How could the electronic markets be closed all day Monday when Sandy was off shore not due to reach landfall till near 8pm EST. Closed all day Tuesday when Sandy had passed and the aftermath apparent. Yet the switches are turned on at 6pmEST Monday night while Sandy was actually overhead wreaking havoc, flooding subways, businesses, and more. Only to watch the electronic markets operate what appeared as flawlessly overnight through all that destructive may lay causing massive blackouts and wind damage leaving millions of people without power.

And yet not as much as a blip. The only blips on the screens (or lack there of) seems to be caused by the continued hand wringing of whether or not to open Wednesday. Something just seems wrong with the reasoning given.

So to throw even more water on this smoldering pile I can’t get out of my head an interview that happened Monday morning with Charles Gasparino on Fox Business® channel with one of the heads of the electronic agencies.

As I stated earlier one of the reasons given why they didn’t want to turn on the electronic only systems was out of concern for the people who were needed to man the actual technology centers. OK, but I’ll say it again: You made a backup system that in order to protect people from danger, you have to put people in danger? Something is wrong with that answer, and for me sounded alarm bells.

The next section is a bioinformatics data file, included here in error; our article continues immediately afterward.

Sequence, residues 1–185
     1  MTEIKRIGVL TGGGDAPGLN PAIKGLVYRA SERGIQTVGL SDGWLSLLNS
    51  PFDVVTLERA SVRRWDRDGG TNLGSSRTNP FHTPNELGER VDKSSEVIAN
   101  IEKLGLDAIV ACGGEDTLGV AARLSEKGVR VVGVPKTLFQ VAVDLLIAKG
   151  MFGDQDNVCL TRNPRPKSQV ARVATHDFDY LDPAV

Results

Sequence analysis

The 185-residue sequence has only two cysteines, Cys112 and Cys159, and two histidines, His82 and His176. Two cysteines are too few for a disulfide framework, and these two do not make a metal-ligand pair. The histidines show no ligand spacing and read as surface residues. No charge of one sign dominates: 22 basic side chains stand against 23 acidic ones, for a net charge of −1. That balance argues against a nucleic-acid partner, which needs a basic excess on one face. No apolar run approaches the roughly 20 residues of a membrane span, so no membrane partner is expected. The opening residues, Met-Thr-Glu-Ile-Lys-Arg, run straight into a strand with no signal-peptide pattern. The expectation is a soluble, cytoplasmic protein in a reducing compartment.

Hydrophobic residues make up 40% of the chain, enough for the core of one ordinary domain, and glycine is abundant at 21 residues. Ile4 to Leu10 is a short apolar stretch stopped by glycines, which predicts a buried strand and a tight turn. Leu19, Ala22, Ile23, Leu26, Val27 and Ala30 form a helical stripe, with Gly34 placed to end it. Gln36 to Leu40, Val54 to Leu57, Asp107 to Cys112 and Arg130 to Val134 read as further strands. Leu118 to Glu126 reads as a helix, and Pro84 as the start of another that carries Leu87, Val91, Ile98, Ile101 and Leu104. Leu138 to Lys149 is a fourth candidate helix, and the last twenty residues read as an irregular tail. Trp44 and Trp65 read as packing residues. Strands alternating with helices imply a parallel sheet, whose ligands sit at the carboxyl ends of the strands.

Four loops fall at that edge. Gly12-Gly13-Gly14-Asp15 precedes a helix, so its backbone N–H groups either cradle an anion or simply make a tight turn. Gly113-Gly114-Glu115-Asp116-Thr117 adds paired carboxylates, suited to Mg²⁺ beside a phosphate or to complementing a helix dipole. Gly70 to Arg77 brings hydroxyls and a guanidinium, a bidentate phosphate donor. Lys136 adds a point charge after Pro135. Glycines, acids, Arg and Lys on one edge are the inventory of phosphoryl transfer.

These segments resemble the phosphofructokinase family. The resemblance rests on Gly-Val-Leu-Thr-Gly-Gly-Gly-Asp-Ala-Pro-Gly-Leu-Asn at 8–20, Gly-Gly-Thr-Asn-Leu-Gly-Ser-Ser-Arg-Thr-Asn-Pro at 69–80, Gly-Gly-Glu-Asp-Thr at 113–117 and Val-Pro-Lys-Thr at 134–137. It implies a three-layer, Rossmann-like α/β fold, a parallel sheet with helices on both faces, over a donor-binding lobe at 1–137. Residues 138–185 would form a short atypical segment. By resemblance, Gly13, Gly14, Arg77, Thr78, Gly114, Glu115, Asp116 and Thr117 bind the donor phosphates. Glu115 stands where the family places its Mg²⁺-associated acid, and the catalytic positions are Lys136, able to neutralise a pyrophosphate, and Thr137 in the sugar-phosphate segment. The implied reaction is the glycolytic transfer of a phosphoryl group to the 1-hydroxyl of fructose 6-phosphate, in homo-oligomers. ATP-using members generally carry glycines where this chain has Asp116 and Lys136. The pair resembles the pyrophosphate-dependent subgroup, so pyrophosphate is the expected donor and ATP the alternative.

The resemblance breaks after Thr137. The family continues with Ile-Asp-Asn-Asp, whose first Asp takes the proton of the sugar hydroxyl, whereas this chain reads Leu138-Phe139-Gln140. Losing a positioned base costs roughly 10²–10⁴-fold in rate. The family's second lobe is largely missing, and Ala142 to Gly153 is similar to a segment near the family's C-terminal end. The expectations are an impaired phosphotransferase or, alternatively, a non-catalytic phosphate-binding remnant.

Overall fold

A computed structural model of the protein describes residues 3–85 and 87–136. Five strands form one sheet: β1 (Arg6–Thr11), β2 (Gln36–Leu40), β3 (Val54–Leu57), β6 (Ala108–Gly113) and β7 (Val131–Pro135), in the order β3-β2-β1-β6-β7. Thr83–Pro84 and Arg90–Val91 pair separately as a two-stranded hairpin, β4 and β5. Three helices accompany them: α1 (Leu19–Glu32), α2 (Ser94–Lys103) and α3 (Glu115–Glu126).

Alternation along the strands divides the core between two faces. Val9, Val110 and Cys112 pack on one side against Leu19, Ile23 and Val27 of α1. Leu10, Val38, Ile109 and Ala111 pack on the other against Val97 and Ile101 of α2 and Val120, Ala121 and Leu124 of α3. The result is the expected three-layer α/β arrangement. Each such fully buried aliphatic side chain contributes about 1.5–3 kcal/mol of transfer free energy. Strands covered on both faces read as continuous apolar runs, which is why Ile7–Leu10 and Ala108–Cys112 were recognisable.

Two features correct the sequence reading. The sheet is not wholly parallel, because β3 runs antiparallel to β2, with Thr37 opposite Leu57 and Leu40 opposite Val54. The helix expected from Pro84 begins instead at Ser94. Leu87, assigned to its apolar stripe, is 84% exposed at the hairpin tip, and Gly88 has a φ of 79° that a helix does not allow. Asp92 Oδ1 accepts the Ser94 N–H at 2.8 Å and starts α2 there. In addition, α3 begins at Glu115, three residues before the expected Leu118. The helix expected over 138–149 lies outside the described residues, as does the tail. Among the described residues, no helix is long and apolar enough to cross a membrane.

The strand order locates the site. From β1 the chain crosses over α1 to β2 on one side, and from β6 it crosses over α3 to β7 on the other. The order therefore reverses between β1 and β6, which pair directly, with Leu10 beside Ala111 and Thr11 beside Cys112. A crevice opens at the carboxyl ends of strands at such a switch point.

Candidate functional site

One of the suggestions why they weren’t opening eluded to by Mr. Gasparino was that he was hearing from his sources that it was the HFT players (High Frequency Traders) that were up in arms about the exchanges opening on some form of emergency backup system. Whether true or not it makes a thinking person ask if it were true: Why? What would be the reason? How would that hurt them, or worse hurt the markets?

Then it hits you like the first wave of a storm surge. Maybe it’s because the emergency system that runs the markets are exactly where the HFT players are not. At an undisclosed location! The problem with this scenario is it fuels conspiracy theories because it makes sense if you like the dark alleys of conspiracy as much as the exchanges love their dark pools.